and equality statements (2005). She notes that despite the prevalence
of such statements and their being perceived as a key part of the process
of addressing racism, they still fail to perform as one might expect.
Instead, Ahmed argues that despite the overt intentions of many of those
involved in drafting a statement, the statement itself actually blocks the
performance of the necessary follow-up actions that would show that
the commitment was sincere (2005, §17). For Ahmed, the danger of
anti-racist statements is that they are taken as proof that the person
or organization making the statement actually is anti-racist. Having
produced the diversity statement, for example, Ahmed claims that “it is
as if the University now says: if we are committed to anti-racism (and we
have said we are), then how can we be racists?” (2005, §10). Reference
to the existence of a diversity statement is taken as sufficient proof that
the institution itself is aligned with the content of the statement.
      As Austin himself argues, a performative commonly necessitates,
that “either the speaker himself or other persons should also perform
certain other actions” (1962, 8). And yet, in the case of the statements that
Ahmed discusses, it would appear that the effect of diversity statements
has been precisely to enable the avoidance of performing the necessary
follow on actions that would be required of a sincere commitment to
diversity and equality. As such, these statements are “non-performative”
because they “work by not bringing about the effects that they name.” That is

“such speech acts are taken up as if they are performatives (as if they
have brought about the effects that they name)” (2005, §3).
     In a similar way, telling the time through the use of Coordinated
Universal Time suggests a commitment to “universal coordination.”
However it is as if our society’s stated commitment to being in time is
taken as sufficient proof that it actually is in time. This assurance may
actually be blocking our ability to perform the other actions required for
this commitment to be realized. Like the rhetoric of the institutional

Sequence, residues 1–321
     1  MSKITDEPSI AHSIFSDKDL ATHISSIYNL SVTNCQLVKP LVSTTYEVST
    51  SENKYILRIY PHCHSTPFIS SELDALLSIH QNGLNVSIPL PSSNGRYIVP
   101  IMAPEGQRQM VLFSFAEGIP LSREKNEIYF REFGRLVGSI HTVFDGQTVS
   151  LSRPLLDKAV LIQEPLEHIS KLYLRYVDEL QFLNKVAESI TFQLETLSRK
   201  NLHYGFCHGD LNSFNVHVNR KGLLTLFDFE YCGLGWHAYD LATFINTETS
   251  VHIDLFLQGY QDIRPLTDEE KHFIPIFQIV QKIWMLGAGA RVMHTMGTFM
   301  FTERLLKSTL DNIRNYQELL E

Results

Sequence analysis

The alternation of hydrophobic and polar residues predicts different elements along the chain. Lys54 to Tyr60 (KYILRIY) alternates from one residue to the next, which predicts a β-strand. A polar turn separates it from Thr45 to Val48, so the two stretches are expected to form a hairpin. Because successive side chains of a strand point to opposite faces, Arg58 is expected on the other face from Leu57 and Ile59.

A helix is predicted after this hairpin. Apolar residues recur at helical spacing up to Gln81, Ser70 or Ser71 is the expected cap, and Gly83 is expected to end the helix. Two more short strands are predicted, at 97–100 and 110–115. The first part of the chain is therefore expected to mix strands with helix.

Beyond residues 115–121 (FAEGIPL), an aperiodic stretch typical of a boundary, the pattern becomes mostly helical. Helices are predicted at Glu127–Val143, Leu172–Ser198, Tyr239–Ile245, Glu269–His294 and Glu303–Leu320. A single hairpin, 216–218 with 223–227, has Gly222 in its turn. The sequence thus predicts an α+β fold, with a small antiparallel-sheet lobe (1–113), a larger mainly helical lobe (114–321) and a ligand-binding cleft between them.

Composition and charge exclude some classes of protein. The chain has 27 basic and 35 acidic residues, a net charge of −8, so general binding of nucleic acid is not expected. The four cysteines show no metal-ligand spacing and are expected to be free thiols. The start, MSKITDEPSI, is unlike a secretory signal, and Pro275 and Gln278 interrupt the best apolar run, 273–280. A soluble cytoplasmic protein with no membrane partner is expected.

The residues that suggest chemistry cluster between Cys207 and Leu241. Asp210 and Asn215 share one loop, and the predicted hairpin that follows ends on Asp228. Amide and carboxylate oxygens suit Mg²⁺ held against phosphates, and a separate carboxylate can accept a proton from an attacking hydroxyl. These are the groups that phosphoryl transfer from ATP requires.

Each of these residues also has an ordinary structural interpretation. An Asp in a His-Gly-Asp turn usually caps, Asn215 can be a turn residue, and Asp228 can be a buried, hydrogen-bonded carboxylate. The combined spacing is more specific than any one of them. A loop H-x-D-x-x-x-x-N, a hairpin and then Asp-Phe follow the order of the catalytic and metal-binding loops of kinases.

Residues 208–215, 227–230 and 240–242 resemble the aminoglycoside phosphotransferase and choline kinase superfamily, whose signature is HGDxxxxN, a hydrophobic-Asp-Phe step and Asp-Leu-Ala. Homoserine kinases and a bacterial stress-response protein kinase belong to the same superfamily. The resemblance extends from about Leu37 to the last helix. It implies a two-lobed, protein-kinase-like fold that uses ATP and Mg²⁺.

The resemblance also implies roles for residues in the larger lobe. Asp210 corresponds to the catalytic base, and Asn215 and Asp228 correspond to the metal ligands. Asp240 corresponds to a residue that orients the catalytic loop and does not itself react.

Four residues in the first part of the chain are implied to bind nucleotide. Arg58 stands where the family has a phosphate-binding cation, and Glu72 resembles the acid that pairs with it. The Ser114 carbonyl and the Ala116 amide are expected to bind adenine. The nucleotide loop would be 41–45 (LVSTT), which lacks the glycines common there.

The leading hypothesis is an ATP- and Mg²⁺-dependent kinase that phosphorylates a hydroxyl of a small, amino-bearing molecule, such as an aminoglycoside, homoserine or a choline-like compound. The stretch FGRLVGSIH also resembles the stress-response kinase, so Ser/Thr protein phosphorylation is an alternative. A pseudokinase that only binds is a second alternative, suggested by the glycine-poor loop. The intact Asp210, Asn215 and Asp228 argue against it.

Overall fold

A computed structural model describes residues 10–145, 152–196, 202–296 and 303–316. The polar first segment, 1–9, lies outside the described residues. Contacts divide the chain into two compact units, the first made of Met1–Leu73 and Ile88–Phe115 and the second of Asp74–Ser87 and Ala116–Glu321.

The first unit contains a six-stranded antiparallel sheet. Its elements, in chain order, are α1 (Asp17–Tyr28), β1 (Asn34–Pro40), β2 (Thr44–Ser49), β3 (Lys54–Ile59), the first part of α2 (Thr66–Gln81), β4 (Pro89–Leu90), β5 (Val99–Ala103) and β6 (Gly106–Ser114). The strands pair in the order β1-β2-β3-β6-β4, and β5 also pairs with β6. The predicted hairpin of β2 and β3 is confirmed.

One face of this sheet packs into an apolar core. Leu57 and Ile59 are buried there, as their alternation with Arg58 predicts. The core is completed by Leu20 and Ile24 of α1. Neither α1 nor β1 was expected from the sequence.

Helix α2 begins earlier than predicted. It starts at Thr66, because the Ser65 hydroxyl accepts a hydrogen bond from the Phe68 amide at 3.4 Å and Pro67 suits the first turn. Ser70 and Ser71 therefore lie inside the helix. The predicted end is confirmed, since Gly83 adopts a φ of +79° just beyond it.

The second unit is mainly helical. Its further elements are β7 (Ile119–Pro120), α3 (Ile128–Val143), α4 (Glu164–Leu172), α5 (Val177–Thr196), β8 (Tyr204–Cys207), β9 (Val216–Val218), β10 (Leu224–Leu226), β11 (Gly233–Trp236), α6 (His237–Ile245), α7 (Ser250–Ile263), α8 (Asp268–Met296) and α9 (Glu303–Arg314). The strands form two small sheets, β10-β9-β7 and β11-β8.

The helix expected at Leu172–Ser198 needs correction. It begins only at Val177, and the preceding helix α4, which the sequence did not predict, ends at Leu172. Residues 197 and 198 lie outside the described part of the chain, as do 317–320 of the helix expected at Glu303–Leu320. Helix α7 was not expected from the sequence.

diversity statement, UTC appears to announce a certain social
commitment, while enabling the status quo to continue unimpeded.
Put in terms of Ahmed’s example above, it is as if our modes of telling
the time say “if we are committed to providing accurate methods of
coordination (and we have said that we are), then how can our methods
be inaccurate?” We say that we will tell the time, but do not then
perform the necessary actions to ensure that we remain coordinated
with the changes we need to be most aware of. Thus, if we are to break
out of this non-performative mode, we may need to lose a little bit of
faith and step back from our assurance that our clocks are accurate so
that we can begin to think through how we might recalibrate them in
new kinds of ways.

Alternate Conventions in the Present
Coming to see statements that tell the time as performative speech acts
not only helps to shed light on why our temporal conventions are a
problem in the current context, it also provides clues for how these
conventions might be transformed. Ideally, when performatives work,
it is because there are shared social conventions providing them with
the supportive context that allows them to be understood by others. “I
promise” works because both those saying it and hearing it understand
what a promise is, the proper ways to make one, and the kinds of
actions one has to perform subsequently for it to remain valid. Absent
of such conventions and contexts, however, a new phrase or device
may have little chance of having a significant effect, since it is more
easily dismissed as nonsense or as irrelevant. What I want to outline
in this section, then, is an approach that takes seriously the power of
conventions and the difficulties of altering them but still allows for the
possibility of social change. This approach will draw together Jacques
Derrida’s work on the “originary performative” and Donna Haraway’s
work on figurations. What is particularly interesting about each of their
approaches is their discomfort with the desire to disavow a particular